The vote on HR4, the resolution to suspend the constitutional rule against bringing bills to the floor in the first 60 days of a legislative session, has been conducted, and the resolution has failed, with 34 votes against, more than enough to sink it. Given that only 142 votes total were cast, 23 nays would have been sufficient, as the 4/5ths provision refers to total membership, not those present. Looks like the debate got a little contentious - see here, here, and here for examples. That last link contains some data that I think gives the whole debate some perspective:
[Democratic Rep. Jim] Dunnam is up now. Says look at the facts of what we are really talking about. "We are told if we don't pass this, the whole House will come to gridlock. I have the calendars from the last several sessions. In the 76th legislature, do you know how many were brought up in the first 60 days? Two! In the 77th, we brought up six. In the 78th session, six came to the House floor, and in the 79th session, ten bills. Those include the emergency bills. So you are being told if we can't bring up ten bills in the next 60 days the Senate is going to rule the world and the sky is going to fall. If we can't take up 6-10 bills in the next 60 days, nobody's bills are going to be passed. That's not credible. You know that."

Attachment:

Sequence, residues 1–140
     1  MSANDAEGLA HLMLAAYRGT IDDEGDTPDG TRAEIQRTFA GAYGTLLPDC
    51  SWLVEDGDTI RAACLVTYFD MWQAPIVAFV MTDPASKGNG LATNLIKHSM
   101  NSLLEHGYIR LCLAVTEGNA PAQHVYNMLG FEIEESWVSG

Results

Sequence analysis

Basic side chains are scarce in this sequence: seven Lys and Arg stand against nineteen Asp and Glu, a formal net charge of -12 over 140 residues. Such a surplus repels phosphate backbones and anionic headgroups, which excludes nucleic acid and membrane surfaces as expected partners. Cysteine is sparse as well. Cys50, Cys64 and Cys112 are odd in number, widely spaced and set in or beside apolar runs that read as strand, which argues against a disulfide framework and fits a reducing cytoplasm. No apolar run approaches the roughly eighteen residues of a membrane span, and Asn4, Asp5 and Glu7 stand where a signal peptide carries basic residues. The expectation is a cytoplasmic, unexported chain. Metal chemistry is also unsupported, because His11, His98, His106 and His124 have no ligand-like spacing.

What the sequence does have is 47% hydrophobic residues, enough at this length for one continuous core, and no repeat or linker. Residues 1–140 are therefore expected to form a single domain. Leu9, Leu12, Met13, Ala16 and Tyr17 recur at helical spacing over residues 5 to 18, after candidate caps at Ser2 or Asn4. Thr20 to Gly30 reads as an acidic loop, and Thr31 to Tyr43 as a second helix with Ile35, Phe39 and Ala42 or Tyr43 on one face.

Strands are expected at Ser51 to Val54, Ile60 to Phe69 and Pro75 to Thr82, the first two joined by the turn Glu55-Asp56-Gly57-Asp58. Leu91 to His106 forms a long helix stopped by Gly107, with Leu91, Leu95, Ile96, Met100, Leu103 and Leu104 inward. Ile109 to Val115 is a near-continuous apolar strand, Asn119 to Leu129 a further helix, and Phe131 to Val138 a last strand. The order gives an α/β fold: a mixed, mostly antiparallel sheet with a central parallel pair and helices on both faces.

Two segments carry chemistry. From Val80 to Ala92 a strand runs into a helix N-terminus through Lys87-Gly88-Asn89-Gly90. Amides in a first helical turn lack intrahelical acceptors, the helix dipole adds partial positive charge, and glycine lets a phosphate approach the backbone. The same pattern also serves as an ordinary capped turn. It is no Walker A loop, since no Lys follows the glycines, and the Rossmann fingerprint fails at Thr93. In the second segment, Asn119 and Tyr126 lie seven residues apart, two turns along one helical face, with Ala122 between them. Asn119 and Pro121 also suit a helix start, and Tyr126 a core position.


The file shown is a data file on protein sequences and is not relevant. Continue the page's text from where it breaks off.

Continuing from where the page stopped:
UPDATE: Looking at the list of nays, I'm struck by a couple of things: Six freshman Democrats voted against Craddick. Several members not known for being agitators - I'm thinking people like Scott Hochberg and Mike Villarreal in particular, but there are others - voted against Craddick. Rick Noriega, who was named to Appropriations despite being a vote against Craddick for Speaker, voted against Craddick. Make of that what you will.
I'm told that this vote in years past has been conducted on the same day as the Speaker vote. While it's easy to see why that didn't happen this time, you have to wonder if holding it after committee assignments came out was a smart move by Team Craddick. Maybe he should have kept the leverage he had. On the other hand, maybe he'll spin this as "I didn't retaliate in committee assignments, and this is the thanks I get." Who knows? This session has already been more interesting than the two (regular) ones that preceeded it.Posted by Charles Kuffner on January 30, 2007 to That's our Lege